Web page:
What’s the first thing you think when you hear the words ‘Civic Society’?  Nothing to do with you, perhaps?  In fact, you couldn’t be further from the truth – we spoke to Hythe Civic Society committee member Sally Chesters, who is responsible for town centre projects.


In 1994, former marketing manager Sally was standing in her front garden surveying the scene when her former boss walked past.  “I’ve got a job for you” he said, and nearly 30 years later Sally is still at it!

“Quite simply, we aim to make life in our town better” Sally says.  “Those town maps that tell you what to look out for, the refurbishment of Mackeson Square, the community orchard on the Castle Road allotments, Hythe in Bloom, the walking tours of the town – they’re just a few of the Hythe Civic Society initiatives.  People probably just walk past and think ‘oh that’s nice’ – but they’d miss it if it wasn’t there.

“Mackeson Square is a case in point – before we got involved, it attracted a fair amount of antisocial behaviour.  With the help of funding from S106 monies it’s now become a tranquil spot where people picnic on sunny days.

“The town maps, featuring a stylised illustration of the town and picking out some of the highlights, came about after we realised how little information was available.  So we all checked out what other towns were offering, here and abroad, and came up with what has now become a feature, dotted all over the town.”

Gardening is clearly one of Sally’s passions – and she puts it to good use in Hythe town centre.  “We plant up and water the pots up and down the High Street, and we have a group of volunteer gardeners who meet every Tuesday at 9am at the War Memorial who tend the wide borders along the canal and Prospect Road, as well as the big bed next to The Taste of Kathmandu restaurant, and Wakefield Walk.  We have an aim to plant more daffodils every year!

“We’re very lucky, our commercial sponsors – Gopak, Lawrence & Co estate agents, and Charlier Construction – and Hythe Town Council help with the funding, and Folkestone & Hythe District Council are also a great support.

“Not only are we making Hythe look brighter and better, it’s also a social commitment to our area, and a great way of making friends too.”


If you turn up outside the Town Hall at 10.30 on a Thursday morning from June until September you can find out more about historic Hythe.  Costing just £2 per person, Sally and her fellow volunteers conduct two and half hour guided walks, including St. Leonard’s church and its famous crypt.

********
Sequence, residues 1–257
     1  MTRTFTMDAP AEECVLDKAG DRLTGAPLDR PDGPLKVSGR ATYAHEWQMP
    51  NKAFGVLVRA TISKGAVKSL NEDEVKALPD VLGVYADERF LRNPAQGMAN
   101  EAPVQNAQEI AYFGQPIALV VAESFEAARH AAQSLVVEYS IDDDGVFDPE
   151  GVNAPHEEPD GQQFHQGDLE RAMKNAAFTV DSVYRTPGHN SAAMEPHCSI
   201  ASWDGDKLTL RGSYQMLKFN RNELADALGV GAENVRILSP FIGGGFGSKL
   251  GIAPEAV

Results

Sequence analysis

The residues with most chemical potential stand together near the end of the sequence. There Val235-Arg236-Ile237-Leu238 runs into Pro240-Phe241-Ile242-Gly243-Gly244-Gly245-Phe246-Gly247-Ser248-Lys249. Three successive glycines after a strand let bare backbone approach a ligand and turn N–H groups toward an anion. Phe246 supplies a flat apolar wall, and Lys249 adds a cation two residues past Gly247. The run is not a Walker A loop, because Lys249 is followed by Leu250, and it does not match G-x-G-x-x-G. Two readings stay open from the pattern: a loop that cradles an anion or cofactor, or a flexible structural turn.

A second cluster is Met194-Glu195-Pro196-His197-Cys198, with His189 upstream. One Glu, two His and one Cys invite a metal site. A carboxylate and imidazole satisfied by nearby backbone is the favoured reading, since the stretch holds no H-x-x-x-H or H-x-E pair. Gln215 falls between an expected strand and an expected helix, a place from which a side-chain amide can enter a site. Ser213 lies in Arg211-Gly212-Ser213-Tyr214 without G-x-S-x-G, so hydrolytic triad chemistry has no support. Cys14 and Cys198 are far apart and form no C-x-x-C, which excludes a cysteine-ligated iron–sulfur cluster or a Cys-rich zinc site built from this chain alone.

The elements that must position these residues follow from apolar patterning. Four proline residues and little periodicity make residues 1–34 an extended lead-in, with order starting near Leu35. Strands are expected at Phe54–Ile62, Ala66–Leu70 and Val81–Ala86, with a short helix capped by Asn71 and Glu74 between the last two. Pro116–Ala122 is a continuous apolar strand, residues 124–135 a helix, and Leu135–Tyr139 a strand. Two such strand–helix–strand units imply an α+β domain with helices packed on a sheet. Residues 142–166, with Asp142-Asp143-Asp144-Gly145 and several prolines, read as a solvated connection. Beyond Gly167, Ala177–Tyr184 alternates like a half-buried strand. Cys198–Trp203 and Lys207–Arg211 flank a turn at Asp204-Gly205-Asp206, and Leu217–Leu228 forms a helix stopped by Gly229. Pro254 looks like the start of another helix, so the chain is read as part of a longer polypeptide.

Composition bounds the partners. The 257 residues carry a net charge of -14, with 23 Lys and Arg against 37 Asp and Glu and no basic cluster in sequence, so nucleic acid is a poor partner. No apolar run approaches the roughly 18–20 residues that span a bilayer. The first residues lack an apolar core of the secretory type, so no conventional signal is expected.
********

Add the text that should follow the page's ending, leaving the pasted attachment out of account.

During the Hythe Festival, walks take place every day – and they’re free.  In most years, upwards of 300 people take up the opportunity, and Sally says if you’re a big group you can just call the Civic Society on 01303 266118 and book a separate tour at a time to suit you.


At the end of World War II, Hythe faced a massive rebuilding task, and the Hythe Citizen’s Union was formed in 1945 with a view to ensuring that public spaces, trees and historical landmarks were protected for the future.  It became the Hythe Civic Society in 1965.  Over the years, Hythe’s population has almost doubled, and the group is still going strong with currently some 750 members.

Walks, talks, involvement in local affairs including commenting on planning applications all make a big difference to what happens in Hythe.   Members are kept up to date through regular newsletters, and there are monthly talks held at Hythe Bay Primary School between September and June.


OK, we don’t usually do this, because at FH Extraordinary we prefer to focus on what’s going on rather than who we are, but Sally says “Folkestone & Hythe District Council is spectacularly supportive of what we as the Civic Society do.  They are always helpful, kind and a source of great advice.  The same goes for Hythe Town Council too – we’re really lucky that everyone is so committed to helping improve lives for our citizens and visitors.”

Thank you to everyone involved.

To find out more, visit www.hythecivicsociety.org